At the centre of James Nguyen’s video and performance work is the process of making and observing art as he explores the “performative potential of the camera”. By documenting the actual recording of footage, the camera and the act of film-making become part of the work rather than the vehicle to depict it. While Nguyen initially started out experimenting with painting and drawing it wasn’t long before he became interested in engaging more physically with space and began creating installation works. Using a camera he started documenting these works and as a result his practice now focuses more on video and performance work.
The idea of observing the art-making process is explored in Nguyen’s series The Man With the Movie Camera (2014) which directly references Soviet director, Dziga Vertov’s 1929 silent film of the same name. Like Vertov, Nguyen exposes the process of film-making in order to question the reality of documenting a performance and how the camera itself can influence the outcome. Nguyen says, “the work attempts to move the camera beyond pure documentation and use the body and its movements as an extension of the camera.” It’s no longer about the artist performing in front of the camera but the camera and the person behind it controlling and telling the story.
Nguyen often involves his family and friends in the process of creating the works which results in them being autobiographical. Take the work Elastic 1 (2014), for example, it depicts Nguyen and his brother stretching elastic bands over their heads echoing Renato Bertelli’s Continuous Profile of Mussolini (1933). Like the sculpture, which offers a 360-degree profile of Mussolini, the film uses an inward turning camera, manually paced by Nguyen’s mother to pan 360 degrees. Nguyen explains the work, “By replicating the continuous lines of the ultimate symbol of the Fascist state, my brother and I tried to physically formalise the potentially repressive discipline of the cinematic demands of state propaganda.”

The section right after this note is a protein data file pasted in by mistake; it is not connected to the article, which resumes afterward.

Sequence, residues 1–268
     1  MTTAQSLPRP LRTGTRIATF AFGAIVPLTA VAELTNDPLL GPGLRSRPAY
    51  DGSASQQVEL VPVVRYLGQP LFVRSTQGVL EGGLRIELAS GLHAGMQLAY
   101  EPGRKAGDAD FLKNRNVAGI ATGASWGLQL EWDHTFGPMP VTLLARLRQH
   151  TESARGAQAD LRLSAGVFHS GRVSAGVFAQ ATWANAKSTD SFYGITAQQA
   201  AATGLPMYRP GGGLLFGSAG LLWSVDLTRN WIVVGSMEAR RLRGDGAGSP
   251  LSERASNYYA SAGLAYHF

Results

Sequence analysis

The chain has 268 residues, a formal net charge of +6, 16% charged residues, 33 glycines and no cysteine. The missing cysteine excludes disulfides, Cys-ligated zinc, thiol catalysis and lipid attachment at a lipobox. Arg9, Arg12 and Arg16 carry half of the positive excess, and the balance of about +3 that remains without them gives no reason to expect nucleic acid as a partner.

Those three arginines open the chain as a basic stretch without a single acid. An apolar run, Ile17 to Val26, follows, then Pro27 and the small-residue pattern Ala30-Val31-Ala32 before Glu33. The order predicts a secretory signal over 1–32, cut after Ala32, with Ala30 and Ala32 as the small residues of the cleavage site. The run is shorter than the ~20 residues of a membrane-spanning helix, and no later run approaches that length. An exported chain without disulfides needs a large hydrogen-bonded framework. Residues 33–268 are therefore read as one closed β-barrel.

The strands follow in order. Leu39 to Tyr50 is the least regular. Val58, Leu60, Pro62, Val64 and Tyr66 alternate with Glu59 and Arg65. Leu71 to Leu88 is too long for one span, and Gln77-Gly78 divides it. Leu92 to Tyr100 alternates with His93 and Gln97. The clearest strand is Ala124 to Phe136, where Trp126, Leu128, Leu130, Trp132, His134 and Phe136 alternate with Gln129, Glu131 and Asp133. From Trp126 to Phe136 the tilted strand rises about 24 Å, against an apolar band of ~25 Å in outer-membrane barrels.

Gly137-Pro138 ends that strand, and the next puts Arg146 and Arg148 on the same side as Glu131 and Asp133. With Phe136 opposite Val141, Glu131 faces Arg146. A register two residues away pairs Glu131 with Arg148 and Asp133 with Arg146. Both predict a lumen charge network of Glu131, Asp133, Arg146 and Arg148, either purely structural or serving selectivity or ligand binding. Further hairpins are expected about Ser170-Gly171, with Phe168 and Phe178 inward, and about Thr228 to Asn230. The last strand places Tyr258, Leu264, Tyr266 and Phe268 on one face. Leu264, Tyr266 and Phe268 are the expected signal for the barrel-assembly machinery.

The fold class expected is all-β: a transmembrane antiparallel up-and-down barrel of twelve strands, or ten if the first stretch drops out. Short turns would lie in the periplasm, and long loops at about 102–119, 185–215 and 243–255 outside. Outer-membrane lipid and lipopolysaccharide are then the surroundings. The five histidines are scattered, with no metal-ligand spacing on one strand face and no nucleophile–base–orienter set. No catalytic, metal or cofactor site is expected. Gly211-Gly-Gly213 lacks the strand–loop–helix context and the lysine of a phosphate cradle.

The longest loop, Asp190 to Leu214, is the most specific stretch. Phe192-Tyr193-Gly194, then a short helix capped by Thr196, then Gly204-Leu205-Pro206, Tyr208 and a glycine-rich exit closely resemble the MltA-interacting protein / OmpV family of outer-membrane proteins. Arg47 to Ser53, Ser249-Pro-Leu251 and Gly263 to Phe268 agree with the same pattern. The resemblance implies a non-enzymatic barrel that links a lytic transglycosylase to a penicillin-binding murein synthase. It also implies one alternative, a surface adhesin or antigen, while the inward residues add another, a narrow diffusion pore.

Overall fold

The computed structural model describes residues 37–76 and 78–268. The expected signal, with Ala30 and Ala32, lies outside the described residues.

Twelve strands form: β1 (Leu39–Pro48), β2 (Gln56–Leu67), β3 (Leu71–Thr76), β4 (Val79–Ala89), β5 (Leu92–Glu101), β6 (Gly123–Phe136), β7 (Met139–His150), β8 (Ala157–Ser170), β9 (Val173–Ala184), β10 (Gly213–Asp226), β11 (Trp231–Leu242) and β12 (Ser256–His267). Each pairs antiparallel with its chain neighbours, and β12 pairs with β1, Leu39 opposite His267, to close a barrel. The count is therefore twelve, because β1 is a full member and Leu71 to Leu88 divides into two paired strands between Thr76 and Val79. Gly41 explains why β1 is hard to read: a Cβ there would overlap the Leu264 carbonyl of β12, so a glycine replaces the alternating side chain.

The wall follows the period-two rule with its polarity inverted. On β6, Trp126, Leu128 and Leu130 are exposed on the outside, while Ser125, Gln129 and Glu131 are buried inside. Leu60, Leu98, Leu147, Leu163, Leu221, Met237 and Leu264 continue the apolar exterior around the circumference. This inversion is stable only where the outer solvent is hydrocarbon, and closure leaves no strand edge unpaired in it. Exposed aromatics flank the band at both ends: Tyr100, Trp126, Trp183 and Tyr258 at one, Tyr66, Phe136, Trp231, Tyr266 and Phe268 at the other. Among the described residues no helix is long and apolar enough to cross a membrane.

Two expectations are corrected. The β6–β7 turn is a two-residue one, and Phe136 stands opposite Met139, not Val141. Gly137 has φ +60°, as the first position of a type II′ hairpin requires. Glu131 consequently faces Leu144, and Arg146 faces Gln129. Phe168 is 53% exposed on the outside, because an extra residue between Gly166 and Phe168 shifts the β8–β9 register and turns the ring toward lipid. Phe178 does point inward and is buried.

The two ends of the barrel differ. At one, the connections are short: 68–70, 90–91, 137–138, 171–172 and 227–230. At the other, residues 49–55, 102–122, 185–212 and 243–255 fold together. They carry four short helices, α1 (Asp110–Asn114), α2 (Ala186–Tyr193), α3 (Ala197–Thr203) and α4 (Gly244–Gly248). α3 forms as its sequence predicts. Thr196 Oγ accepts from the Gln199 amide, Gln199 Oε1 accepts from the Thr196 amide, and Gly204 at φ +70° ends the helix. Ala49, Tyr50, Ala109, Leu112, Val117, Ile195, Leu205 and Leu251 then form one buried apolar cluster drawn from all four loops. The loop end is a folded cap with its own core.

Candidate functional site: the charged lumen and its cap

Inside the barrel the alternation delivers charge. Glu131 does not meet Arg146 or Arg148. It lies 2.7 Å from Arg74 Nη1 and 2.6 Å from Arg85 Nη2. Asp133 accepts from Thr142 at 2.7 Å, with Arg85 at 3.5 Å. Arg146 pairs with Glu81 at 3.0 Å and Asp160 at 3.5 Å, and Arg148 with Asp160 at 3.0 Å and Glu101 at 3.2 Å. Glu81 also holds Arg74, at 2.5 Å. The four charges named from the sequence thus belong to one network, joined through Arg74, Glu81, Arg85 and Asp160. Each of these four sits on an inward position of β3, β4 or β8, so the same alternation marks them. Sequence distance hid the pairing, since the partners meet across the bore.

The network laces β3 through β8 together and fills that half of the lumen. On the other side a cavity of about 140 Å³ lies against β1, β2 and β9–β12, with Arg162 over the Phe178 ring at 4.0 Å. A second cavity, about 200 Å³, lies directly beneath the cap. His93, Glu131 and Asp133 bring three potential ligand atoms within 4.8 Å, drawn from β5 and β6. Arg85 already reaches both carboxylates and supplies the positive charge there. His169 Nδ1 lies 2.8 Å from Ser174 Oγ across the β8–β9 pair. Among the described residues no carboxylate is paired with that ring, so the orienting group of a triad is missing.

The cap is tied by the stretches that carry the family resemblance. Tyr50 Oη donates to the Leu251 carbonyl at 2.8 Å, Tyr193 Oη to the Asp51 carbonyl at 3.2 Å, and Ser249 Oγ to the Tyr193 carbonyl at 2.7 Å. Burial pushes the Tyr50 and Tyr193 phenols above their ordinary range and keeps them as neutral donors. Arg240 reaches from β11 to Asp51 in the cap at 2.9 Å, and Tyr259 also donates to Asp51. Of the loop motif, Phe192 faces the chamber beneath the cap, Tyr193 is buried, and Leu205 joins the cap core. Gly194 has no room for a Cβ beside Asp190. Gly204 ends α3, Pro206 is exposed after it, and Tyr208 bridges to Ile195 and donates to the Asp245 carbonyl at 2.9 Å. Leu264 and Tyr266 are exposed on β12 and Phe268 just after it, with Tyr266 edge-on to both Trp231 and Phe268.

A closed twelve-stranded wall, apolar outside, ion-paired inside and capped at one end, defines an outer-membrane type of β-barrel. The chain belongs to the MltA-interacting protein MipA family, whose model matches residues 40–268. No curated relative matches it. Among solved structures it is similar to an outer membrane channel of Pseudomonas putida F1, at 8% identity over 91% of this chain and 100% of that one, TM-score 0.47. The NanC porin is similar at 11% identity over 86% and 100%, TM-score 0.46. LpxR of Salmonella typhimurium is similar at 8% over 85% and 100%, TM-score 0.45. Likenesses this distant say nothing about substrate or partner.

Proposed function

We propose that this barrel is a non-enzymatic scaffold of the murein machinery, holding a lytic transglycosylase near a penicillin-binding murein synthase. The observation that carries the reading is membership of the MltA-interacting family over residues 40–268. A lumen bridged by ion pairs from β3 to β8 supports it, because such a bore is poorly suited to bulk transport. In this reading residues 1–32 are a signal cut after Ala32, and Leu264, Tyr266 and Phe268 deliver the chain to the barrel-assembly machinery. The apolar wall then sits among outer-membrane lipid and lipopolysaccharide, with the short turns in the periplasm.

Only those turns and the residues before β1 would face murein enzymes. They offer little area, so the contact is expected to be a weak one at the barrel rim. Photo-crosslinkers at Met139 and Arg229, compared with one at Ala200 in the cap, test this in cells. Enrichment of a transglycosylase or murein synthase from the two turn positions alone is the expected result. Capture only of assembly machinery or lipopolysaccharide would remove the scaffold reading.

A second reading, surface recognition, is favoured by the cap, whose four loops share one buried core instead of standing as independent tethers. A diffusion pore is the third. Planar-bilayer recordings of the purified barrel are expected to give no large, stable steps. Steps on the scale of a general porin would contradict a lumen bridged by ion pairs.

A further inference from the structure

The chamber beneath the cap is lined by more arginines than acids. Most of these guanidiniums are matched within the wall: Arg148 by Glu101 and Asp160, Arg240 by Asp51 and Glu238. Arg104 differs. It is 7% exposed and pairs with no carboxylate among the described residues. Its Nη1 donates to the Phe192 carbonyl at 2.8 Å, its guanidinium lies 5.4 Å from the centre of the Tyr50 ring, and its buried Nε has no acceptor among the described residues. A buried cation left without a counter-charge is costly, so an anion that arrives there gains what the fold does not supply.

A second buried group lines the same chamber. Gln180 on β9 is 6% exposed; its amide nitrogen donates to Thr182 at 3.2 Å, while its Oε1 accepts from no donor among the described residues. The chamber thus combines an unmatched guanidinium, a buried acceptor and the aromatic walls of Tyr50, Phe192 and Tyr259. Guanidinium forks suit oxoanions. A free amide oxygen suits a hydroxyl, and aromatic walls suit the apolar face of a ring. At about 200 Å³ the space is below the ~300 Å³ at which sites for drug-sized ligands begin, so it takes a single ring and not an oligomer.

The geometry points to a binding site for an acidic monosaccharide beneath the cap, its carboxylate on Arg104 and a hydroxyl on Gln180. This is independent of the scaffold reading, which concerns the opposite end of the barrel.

While his works, like Elastic 1, are often political, with themes of fatalism and defeatism, this is not necessarily intentional with Nguyen claiming that he is more drawn to optimistic and positive work and is still trying to find a balance between the two. His work addresses the mistreatment of refugees and migrants and is influenced by the experiences of his family who migrated to Australia from Vietnam. Nguyen says, “It is the unspoken and subtle human complexities that underpin this issue that I find incredibly interesting but also infuriating.”
Nguyen has just completed Gallery 4A’s Beijing Studio Program at Shen Shaomin’s studio with fellow Sydney artist Claudia Nicholson. During the residency Nguyen participated in a discussion panel at the 2nd FASIC Australian Studies in China Conference: The Big Picture: Lives, Landscapes, Homelands in Australian and Chinese Art at Renmin University, talking about the future of artists’ residencies.
Text by Jane Llewellyn, an arts writer based in Adelaide.
2015 Union Dots collaborative studio program, New York
2014 Anne & Gordon Samstag International Visual Arts Scholarship
2014 Masters of Fine Arts (Candidate), Sydney College of Arts
2012 Bachelor of Fine Art (First Class Honours), National Art School, Sydney
Artist's website: www.jamesnguyen.com.au